As the country faces a ground water crisis, a Kolkata-based entrepreneur has come out with a solution to generate water by extracting atmospheric moisture and making it usable for drinking purpose.
AKVO, a unit of Trishan Exports, has developed a prototype which is ready with its commercial production, using Atmospheric Water Generator (AWG) technology, with capacity to produce 1000 litre per day pure water. The company is in the process to start production of equipment for domestic use also.
The equipment run on the basic principle of converting atmospheric vapour into liquid form and purify it further so that it can be used for drinking. “It’s like harvesting humidity when it is in the air,” said director of AKVO Navkaran Singh Bagga, who was in the capital recently, while speaking to this newspaper.
The device consists of a system wherein the water extracted from the atmosphere is subjected to four-stage purification. Some minerals are added in the process to make it sweet to drink. So at the end of the process, the final water is completely safe for drinking and is just like an RO water. The USP of the product is that it uses unlimited source of water, which is natural and abundant and that no separate purification is required. Humidity/moisture is present everywhere. If some moisture at a particular place is used for condensation, moisture of surrounding areas fills in at that place after some time. Normally, the humidity is around 80% at a temperature of 28 degree Celsius.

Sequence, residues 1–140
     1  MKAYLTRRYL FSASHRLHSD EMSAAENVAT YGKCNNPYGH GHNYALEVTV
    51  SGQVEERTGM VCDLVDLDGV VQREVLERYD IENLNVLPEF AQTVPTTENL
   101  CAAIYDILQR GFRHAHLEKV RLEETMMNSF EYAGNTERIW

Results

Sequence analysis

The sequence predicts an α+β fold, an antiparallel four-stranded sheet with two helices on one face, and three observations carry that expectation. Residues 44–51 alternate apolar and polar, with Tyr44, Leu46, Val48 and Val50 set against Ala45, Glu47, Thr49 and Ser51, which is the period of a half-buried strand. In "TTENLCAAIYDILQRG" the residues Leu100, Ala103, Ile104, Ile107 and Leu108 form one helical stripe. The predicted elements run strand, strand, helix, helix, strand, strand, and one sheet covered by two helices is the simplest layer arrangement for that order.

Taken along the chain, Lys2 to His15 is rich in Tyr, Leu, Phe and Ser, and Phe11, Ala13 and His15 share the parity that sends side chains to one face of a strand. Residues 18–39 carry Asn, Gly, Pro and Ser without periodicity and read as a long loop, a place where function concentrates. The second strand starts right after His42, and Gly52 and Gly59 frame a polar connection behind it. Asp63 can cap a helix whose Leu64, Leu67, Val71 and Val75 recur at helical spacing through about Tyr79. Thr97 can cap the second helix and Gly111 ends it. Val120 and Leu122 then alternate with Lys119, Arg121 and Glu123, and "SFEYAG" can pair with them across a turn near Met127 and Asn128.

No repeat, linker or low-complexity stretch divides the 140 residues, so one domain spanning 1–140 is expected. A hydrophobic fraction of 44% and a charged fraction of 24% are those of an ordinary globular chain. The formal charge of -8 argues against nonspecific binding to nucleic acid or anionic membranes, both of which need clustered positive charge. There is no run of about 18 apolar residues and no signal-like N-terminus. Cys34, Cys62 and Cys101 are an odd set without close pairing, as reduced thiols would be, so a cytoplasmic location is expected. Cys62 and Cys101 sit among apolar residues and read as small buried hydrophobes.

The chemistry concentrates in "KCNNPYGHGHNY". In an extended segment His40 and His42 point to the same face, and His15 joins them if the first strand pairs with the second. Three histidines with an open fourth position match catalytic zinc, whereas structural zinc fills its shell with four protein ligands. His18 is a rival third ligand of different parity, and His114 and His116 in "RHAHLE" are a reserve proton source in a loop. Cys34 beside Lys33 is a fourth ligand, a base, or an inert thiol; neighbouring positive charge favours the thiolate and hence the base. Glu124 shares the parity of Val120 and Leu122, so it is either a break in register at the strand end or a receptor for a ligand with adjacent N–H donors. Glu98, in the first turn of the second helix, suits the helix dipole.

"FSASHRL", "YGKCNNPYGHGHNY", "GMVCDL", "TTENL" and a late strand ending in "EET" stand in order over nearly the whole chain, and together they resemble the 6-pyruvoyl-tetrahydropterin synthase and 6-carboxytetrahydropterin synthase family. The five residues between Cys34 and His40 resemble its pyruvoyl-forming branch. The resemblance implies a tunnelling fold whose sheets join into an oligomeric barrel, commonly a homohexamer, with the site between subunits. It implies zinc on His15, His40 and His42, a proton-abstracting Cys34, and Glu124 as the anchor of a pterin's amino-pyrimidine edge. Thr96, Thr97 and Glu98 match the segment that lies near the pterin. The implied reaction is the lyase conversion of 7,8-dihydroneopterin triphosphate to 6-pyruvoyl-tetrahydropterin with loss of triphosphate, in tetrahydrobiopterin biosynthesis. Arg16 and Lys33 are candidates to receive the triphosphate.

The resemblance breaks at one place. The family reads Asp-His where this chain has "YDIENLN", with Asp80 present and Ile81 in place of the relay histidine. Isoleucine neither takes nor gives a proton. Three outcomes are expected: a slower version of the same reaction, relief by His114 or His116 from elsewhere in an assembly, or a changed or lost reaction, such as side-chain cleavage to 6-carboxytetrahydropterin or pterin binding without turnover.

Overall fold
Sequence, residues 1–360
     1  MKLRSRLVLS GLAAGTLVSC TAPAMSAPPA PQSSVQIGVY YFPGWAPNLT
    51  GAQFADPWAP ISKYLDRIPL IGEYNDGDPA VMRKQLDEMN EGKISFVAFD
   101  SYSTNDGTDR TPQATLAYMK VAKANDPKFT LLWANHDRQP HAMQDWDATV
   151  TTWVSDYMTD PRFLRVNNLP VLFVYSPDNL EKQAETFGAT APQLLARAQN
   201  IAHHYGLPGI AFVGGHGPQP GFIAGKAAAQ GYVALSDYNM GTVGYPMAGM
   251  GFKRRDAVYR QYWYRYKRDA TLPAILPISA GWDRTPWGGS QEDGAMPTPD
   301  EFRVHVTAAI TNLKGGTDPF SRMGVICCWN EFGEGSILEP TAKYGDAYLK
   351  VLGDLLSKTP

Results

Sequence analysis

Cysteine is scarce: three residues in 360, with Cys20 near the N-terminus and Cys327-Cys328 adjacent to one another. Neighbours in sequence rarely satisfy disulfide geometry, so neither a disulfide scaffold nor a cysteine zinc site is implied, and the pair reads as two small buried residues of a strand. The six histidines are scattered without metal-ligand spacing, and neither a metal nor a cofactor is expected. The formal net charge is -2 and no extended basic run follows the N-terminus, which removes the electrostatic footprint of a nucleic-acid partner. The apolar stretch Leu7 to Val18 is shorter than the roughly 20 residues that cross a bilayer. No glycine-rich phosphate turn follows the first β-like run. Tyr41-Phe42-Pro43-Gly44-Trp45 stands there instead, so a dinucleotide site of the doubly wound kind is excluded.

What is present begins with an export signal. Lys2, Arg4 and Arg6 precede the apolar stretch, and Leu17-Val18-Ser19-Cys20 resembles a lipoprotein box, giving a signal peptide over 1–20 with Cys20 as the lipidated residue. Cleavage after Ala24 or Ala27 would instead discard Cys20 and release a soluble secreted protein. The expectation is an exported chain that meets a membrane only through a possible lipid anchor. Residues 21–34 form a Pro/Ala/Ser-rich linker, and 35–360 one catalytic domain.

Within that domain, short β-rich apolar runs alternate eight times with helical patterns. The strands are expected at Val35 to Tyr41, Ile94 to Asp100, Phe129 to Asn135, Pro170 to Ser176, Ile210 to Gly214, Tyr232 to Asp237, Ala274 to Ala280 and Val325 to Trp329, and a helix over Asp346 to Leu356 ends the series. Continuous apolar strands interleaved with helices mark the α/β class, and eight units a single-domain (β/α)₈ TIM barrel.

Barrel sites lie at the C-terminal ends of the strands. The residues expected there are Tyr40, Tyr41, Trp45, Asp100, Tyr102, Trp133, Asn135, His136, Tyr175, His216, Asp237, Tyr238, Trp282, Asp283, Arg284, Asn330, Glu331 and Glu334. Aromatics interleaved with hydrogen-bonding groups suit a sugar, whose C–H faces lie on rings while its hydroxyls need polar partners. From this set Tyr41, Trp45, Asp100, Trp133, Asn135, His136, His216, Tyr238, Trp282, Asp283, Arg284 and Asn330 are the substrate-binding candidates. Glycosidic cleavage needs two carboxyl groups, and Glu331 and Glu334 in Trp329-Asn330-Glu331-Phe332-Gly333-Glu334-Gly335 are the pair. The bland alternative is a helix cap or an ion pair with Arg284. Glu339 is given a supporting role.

A few hotels and organisations in Kolkata have started using the equipment, which Bagga claims is “fully indigenous”. A 1000 litre capacity equipment costs Rs 9 lakh. Right now, the cost of domestic equipment is coming close to about Rs 1 lakh, which according to Bagga, is too costly for domestic consumers. “We are working out ways to cut the cost so that it can be made available at a reasonable price of Rs 35,000 to Rs 40,000. We hope we will be able to do it very soon,” he said.
Bagga is talking to Indian Railways and municipal corporations across the country for installing this equipment which can solve the drinking water problem to a great extent. For water ATMs, this device can be used instead of RO, he said, adding the most abundant source of fresh water is Earth’s atmosphere which should be tapped for our use.
When asked if separate equipment needed to be manufactured as percentage of humidity varies from place to place, he said: “We are trying to customise the product depending on the humidity of a particular location. For example, it will be easier to extract water in places like Kolkata or Chennai because of the presence of high quantity of moisture in the atmosphere, but it will consume more power in dry places like Rajasthan. We are trying to come out with a solution which can work best in low humidity areas.”